Finding New Sources of Sustained Growth: Vietnam’s Transport and Logistics, HCMC – Jan 10; Hanoi – Jan 7

Inland and Coastal WaterwaysMore efficient transport and logistics can play a significant role in increasing productivity. By making supply chains more predictable, better transport and logistics allow manufacturers, transportation carriers, logistics service providers, and trade regulators to minimize avoidable delays, thereby increasing output per unit of time while reducing the cost of doing business. Such competitiveness enhancements can better position Vietnam to benefit  from global demand, to better serve domestic markets, to attract investment, and to generate quality jobs.

Jan 10, 2014 – InterContinental Asiana, Ho Chi Minh City 

Jan 7, 2014 – Melia Hotel, Hanoi

Due to limited seating, kindly confirm your attendance with Mr. Luis Blancas, [email protected]

Tentative Agenda 

08:00 amRegistration
08:30 amOpening Remarks
08:45 amRapid Growth, Limited Connectivity: Vietnam’s Need for More Efficient Logistics
Mr. Luis Blancas, Transport Specialist, World Bank 
09:30 amVietnam’s Logistics Sector: Perspectives of International Shippers and Service Providers
Mr. John Isbell, Cambridge Systematics, Inc. 
10:00 amCoffee / Tea Break
10:15 amGovernance Constraints for Efficient Logistics and a More Competitive Vietnam
Governance Practice, The World Bank in Vietnam
10:45 amInland Waterways and Coastal Shipping: Opportunities, Limitations, the Case for Investment
Mr. Luis Blancas, Transport Specialist, World Bank 
11:15 amDiscussion and Q&A
12:00 pmLuncheon

Due to limited seating, kindly confirm your attendance with Mr. Luis Blancas, [email protected]

Background
Click the below links to download the research reports, and be prepared to discuss and ask questions during the workshop.

Efficient Logistics: A Key to Vietnam’s Competitiveness

Facilitating Trade Through Competitive, Low-Carbon Transport: The Case for Vietnam’s Inland and Coastal Waterways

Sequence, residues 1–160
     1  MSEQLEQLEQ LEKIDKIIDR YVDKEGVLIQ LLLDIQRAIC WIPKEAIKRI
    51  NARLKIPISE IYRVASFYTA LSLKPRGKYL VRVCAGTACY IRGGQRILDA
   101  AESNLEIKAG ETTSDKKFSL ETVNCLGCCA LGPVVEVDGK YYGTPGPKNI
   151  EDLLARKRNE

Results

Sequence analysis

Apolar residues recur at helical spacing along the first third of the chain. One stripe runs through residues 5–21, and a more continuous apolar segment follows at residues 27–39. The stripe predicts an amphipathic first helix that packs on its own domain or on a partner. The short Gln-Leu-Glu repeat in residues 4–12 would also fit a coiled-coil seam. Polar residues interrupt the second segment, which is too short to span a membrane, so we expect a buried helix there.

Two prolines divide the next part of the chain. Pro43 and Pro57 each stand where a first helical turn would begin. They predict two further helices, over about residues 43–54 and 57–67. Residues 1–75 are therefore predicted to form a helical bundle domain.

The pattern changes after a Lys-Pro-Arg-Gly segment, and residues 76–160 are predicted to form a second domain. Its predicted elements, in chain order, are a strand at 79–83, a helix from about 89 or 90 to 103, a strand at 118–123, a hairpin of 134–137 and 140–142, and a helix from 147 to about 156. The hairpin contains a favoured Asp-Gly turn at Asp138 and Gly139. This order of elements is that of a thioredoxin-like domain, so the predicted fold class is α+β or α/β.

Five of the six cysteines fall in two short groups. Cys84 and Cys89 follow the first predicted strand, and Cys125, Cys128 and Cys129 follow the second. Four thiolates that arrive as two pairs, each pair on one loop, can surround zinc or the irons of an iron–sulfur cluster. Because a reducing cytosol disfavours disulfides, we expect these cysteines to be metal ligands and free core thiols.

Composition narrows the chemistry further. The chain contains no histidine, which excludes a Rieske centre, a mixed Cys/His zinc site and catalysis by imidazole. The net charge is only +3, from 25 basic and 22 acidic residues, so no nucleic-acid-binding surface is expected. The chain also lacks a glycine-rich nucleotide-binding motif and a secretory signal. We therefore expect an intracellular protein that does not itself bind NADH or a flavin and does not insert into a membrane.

Over the past 20 years Vietnam has achieved sustained economic growth primarily driven by a rapidly expanding labor force and a shift in economic activity away from low-productivity subsistence agriculture toward the higher-productivity manufacturing and services sectors.

Vietnam’s continued macroeconomic stability, increasing economic liberalization, and young, vast labor pool have increased the country’s attractiveness as a destination for foreign direct investment, particularly as labor costs have increased in key competing markets, most notably China.

However, Vietnam’s socioeconomic success story now faces both short- and long-term challenges. Since the onset of the global economic crisis of 2008–2009, the Vietnamese economy has undergone a particularly challenging period of declining foreign capital inflows and subdued, as well as more contested, export markets. Recent reductions in economic growth, seen for the first time since the Asian economic crisis of 1999, highlight the importance of strengthening economic resiliency.

Over the longer term, Vietnam is faced with the challenge that both its main drivers of past growth, labor force growth and intersect oral shifts in economic activity, are being depleted and need to be replaced by intrasectoral productivity improvements.

Improvements in export, import, and domestic logistics operations as a driver of future growth for Vietnam are fully within grasp. There are opportunities to make freight itineraries more reliable, to make roads safer and more conducive to high-volume commercial use, to increase port sector efficiencies, and to better integrate barges, trucks, warehouses, and gateways. The right interventions and policies can address these challenges over the short term and following years.

Posted: Dec 23, 2013. Updated: Jan 6, 2014.

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